Purpose/Objectives: To examine the relationships between two health-seeking behaviors (HSBs), spirituality and resourcefulness, as well as demographics, cancer-related factors, and sexuality indicators, within the context of Schlotfeldt's health-seeking model in rectal cancer survivors.
Design: Secondary analysis, correlational, and cross-sectional.
Setting: A teaching hospital in southern Taiwan.
Sample: 120 adults with rectal cancer.
Methods: Data were collected during face-to-face interviews using the Body-Mind-Spirit Well-Being Inventory-Spirituality scale; Resourcefulness Scale; Sexual Self-Schema Scale (male and female versions); Evaluating and Nurturing Relationship Issues, Communication, Happiness (ENRICH) Couple Scale-Communication; ENRICH Sexual Relationship Scale; International Index of Erectile Function; and the Female Sexual Function Index. Correlational analysis, one-way analyses of variance, and independent sample t tests were used to analyze data.
Main Research Variables: Spirituality, resourcefulness, HSBs, and sexuality.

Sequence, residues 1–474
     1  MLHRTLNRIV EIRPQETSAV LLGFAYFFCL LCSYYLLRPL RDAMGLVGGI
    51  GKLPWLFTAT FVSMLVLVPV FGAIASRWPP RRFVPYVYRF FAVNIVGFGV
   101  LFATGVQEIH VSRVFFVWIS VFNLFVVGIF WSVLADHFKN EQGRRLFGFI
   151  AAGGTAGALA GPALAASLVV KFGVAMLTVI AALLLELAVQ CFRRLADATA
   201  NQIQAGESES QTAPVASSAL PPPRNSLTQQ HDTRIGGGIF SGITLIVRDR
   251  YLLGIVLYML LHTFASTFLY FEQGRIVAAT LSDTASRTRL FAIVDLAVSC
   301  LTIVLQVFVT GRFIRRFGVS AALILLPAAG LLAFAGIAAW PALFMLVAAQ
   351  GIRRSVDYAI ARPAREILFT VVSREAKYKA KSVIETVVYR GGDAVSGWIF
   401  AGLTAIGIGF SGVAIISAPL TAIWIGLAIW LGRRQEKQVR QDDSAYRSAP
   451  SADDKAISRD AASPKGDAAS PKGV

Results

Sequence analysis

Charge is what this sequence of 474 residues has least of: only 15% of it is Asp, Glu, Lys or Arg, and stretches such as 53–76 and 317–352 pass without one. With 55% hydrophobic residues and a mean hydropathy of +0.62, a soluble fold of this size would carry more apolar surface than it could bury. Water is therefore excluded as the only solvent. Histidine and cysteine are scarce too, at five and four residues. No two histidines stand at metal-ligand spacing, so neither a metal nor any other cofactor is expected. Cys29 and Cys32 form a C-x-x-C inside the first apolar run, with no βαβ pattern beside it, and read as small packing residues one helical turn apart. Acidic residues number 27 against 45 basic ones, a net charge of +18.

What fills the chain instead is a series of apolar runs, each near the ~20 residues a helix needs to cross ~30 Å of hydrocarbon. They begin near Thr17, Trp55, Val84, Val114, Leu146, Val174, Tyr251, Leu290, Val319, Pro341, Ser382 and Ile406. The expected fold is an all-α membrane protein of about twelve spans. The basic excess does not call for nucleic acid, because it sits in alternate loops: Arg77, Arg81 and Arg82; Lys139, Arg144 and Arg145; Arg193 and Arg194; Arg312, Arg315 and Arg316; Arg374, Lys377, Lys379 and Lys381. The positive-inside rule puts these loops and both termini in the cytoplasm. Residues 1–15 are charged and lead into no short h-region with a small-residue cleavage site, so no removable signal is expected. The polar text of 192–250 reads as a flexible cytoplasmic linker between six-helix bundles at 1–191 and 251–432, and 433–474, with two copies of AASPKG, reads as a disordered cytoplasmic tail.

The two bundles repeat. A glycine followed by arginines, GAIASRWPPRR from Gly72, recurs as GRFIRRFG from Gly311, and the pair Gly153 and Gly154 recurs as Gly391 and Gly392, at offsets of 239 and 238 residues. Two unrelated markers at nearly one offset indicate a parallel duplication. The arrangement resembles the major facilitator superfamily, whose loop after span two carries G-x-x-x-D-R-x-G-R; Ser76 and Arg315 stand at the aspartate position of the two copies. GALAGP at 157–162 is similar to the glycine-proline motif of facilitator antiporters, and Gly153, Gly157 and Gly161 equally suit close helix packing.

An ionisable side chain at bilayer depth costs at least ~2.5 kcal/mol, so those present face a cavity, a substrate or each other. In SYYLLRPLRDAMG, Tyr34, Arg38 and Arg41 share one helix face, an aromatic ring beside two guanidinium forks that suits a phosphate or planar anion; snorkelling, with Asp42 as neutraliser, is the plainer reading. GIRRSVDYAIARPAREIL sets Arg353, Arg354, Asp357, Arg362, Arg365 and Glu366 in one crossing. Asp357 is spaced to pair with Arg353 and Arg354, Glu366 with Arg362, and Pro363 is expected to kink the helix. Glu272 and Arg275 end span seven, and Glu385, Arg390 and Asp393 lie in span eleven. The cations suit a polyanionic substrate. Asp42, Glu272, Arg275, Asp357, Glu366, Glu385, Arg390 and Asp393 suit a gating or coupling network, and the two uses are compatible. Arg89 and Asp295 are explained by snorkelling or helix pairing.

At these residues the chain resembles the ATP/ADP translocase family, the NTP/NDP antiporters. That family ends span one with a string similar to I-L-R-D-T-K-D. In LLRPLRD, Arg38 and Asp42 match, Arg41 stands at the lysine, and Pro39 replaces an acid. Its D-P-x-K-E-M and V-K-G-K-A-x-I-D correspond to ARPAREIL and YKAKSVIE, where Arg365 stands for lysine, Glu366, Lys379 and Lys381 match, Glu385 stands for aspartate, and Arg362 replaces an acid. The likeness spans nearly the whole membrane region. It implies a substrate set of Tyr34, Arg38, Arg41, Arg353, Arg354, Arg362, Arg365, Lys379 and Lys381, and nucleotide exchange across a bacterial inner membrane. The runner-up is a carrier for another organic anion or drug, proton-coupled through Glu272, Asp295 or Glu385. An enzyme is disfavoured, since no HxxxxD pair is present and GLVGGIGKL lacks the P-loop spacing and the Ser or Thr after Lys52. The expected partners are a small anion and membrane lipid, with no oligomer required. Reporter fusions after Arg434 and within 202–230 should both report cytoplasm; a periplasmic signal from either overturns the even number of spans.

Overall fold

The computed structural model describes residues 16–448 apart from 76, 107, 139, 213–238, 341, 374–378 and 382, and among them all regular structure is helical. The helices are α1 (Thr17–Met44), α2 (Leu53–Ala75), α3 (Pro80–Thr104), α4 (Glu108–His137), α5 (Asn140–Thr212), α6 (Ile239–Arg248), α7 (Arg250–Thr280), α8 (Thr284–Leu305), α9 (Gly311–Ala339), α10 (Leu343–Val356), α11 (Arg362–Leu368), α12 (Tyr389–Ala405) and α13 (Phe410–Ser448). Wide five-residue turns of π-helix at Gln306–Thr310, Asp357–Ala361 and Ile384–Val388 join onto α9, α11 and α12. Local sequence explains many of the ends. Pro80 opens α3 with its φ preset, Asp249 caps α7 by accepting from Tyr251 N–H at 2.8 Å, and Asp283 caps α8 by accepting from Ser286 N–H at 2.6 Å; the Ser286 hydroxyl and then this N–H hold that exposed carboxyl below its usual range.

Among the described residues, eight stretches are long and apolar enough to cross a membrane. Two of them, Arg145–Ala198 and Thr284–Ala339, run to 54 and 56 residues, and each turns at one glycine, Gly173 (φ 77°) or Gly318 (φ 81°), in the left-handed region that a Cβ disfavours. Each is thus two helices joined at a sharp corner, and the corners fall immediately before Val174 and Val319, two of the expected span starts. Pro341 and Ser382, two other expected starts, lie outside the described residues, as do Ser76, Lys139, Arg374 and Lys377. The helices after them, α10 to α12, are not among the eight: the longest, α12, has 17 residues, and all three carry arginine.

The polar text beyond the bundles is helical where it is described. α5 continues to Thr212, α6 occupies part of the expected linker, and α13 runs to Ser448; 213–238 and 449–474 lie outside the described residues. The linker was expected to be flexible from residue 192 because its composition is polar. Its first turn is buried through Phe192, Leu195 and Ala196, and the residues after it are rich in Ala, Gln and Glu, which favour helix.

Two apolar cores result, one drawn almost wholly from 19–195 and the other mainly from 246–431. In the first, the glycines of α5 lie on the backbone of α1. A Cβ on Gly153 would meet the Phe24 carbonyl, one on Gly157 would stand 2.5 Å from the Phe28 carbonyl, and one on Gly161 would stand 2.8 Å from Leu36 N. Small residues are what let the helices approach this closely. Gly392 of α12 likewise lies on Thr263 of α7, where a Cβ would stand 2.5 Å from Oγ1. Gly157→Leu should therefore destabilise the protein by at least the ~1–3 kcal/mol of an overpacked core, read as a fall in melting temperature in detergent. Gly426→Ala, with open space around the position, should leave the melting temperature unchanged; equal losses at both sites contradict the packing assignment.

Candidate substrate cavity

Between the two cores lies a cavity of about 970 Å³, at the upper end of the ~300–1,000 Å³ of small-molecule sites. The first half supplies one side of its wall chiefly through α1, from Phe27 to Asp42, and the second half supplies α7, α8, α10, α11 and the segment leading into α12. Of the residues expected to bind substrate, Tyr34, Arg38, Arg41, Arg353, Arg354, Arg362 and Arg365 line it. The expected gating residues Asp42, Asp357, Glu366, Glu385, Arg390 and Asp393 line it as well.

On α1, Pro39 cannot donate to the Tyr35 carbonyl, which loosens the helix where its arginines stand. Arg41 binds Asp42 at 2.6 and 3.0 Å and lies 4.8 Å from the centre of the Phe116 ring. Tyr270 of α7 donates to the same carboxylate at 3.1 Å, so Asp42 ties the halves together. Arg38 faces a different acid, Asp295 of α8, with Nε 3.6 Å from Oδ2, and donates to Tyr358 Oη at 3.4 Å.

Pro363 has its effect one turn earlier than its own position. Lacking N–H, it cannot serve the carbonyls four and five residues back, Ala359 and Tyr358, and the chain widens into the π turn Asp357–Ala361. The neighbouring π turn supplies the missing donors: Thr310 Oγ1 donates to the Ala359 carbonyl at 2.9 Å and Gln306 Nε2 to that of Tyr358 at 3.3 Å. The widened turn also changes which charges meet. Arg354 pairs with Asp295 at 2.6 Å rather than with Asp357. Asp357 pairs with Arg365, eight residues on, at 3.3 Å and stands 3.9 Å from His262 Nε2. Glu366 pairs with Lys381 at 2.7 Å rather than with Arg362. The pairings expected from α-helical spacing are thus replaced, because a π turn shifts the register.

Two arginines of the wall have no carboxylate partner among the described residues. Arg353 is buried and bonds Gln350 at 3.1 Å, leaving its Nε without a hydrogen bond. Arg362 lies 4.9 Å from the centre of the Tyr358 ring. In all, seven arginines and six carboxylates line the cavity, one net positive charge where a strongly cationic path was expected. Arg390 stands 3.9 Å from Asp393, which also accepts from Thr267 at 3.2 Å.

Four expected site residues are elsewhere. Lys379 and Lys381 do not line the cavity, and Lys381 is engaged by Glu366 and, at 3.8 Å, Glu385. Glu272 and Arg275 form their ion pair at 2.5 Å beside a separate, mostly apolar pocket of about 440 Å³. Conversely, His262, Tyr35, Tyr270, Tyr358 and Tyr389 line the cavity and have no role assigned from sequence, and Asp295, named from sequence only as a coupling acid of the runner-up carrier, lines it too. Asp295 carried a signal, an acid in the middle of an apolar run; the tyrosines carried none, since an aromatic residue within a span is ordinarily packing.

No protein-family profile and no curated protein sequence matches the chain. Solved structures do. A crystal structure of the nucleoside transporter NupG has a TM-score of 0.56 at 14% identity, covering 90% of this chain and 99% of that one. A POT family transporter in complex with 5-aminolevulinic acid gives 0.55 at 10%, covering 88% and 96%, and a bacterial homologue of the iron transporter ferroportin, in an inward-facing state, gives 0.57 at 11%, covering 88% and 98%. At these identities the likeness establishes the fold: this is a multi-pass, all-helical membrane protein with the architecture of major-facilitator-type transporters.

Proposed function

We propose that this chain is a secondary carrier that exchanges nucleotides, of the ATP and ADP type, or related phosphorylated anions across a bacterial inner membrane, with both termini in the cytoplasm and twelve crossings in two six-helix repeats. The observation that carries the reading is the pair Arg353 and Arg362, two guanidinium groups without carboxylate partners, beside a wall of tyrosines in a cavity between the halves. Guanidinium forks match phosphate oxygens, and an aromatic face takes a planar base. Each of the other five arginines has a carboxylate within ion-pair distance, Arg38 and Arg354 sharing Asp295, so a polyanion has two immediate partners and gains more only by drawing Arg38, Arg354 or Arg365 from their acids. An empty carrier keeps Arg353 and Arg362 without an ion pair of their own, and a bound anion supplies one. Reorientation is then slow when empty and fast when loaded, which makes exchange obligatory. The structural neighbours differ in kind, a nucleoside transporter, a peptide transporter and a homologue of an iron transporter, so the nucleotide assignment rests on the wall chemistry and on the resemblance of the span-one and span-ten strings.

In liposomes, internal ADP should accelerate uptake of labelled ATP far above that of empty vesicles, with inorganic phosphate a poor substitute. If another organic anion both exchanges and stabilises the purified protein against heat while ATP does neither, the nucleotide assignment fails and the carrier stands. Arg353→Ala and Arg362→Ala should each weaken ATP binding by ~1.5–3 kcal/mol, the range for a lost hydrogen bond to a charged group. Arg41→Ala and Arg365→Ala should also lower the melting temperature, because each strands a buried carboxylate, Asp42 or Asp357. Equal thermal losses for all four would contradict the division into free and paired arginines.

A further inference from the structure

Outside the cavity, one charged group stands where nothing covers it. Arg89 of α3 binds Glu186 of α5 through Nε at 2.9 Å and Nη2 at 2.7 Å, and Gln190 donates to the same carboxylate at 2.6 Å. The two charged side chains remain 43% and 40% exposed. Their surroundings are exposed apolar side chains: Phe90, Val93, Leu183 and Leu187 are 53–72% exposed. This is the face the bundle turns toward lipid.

Findings: Spirituality and resourcefulness were associated with sexual self-concept and sexual satisfaction in men and women. Spirituality was correlated with resourcefulness. Greater resourcefulness was found in women, as well as in men and women who had higher education and fewer comorbid conditions. Spirituality was not associated with gender, education, or number of comorbid conditions. Neither spirituality nor resourcefulness was associated with age, religion, stage of disease, time since surgery, type of cancer treatment, or sexual function.
Conclusions: Resourcefulness and spirituality were associated with the sexuality indicators of satisfaction and self-concept, which may have an impact on the physical and psychological health of adults with rectal cancer.
Implications for Nursing: The findings suggest a need to focus on strengthening HSBs through teaching resourcefulness and encouraging spirituality to enhance sexual self-concept and improve sexual satisfaction in this patient group.